Question of Palestine home
10 November 1998
Summary record of the 23rd meeting
Held at Headquarters, New York, on 23 October 1998, at 10 a.m.
: Mr. Hachani ......................................................................(Tunisia)
Agenda item 108: Elimination of racism and racial discrimination*
Agenda item 109: Right of peoples to self-determination*
Items which the Committee has decided to consider together.
The meeting was called to order at 10.25 a.m.
Agenda item 108: Elimination of racism and racial discrimination
(A/53/18, 255, 256, 269 and 305; A/C.3/53/2)
Agenda item 109: Right of peoples to self-determination
(A/53/131-S/1998/435, A/53/205-S/1998/711, A/53/280 and A/53/338)
Mr. Glèlè Ahanhanzo
(Special Rapporteur of the Commission on Human Rights on measures to combat contemporary forms of racism, racial discrimination, xenophobia and related intolerance), ...
16. Turning to agenda item 109, she said that, while the international community had seen the end of apartheid and the advent of democracy in South Africa, there were still 17 Non-Self-Governing Territories which could not fully exercise their right to self-determination. In keeping with the special attention which it accorded to the right to self-determination, the Commission on Human Rights had adopted two resolutions at its most recent session on the situation in occupied Palestine and on Western Sahara.
Mr. Yu Wenzhe
26. With regard to the Middle East, he declared that the early settlement of the Palestinian question in a just and reasonable manner, including the Palestinian’s right to self-determination, was the key to lasting peace and stability. Negotiations to that end were not only in the best interests of the Arab and Israeli peoples but would also contribute to peace and stability in the world. He hoped that the parties concerned, in accordance with the relevant United Nations resolutions and fully respecting agreements already reached, further guided by the principle of land for peace, would adopt flexible and pragmatic positions in order to move the peace talks forward.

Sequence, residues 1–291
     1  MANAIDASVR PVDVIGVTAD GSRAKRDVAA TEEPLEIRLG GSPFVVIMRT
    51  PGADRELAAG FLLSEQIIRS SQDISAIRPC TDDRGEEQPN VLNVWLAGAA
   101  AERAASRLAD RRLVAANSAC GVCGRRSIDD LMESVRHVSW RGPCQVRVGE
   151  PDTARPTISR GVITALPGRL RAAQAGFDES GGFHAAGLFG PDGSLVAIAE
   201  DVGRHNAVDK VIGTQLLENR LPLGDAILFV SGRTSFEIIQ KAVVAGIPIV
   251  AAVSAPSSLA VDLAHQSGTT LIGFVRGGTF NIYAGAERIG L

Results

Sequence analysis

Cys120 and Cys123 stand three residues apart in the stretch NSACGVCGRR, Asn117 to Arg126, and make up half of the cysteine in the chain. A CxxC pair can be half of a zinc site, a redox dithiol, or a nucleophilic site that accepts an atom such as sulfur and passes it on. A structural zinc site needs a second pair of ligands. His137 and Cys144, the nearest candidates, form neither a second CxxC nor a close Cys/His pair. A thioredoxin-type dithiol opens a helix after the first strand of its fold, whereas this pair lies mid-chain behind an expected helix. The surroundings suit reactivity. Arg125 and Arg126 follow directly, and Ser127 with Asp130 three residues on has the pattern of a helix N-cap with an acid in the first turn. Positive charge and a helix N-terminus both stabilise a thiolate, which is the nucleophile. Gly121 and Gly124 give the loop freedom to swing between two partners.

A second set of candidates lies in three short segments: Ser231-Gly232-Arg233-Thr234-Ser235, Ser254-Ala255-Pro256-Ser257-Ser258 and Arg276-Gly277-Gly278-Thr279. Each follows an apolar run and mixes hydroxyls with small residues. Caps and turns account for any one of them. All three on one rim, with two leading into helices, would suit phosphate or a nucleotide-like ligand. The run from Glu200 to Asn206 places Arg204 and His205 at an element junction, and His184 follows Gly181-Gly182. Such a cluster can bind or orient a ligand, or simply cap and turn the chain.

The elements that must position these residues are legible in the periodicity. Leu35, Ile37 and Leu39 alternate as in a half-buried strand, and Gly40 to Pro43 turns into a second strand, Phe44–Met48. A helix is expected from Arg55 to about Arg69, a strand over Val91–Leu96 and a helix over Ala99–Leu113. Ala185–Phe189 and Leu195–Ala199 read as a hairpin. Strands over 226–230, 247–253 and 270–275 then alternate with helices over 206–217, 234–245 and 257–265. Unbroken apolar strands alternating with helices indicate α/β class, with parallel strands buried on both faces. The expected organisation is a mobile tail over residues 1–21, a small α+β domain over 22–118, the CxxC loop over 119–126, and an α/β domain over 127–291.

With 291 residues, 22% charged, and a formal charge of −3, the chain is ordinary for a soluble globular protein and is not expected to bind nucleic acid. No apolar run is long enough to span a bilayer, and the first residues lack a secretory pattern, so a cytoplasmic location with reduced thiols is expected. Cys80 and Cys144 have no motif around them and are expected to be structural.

(Pakistan), speaking on item 109, said that the right to self-determination was one of the most important human rights and the foundation of the principles enshrined in the Universal Declaration of Human Rights, the International Covenants on Human Rights and other international human rights instruments. Since its inception, the United Nations had played a commendable role in the struggle of peoples to realize their right to self-determination from foreign and colonial occupation. The validity of that principle was reflected in the tremendous increase in the membership in the United Nations over the years. The realization of that right in South Africa, Namibia, and elsewhere had greatly enhanced the prestige of the Organization. Pakistan hoped that the ongoing efforts for a peaceful solution in the Middle East would culminate in a lasting peace on the basis of the Palestinian people’s right to self-determination.
The meeting rose at 12.20 p.m.
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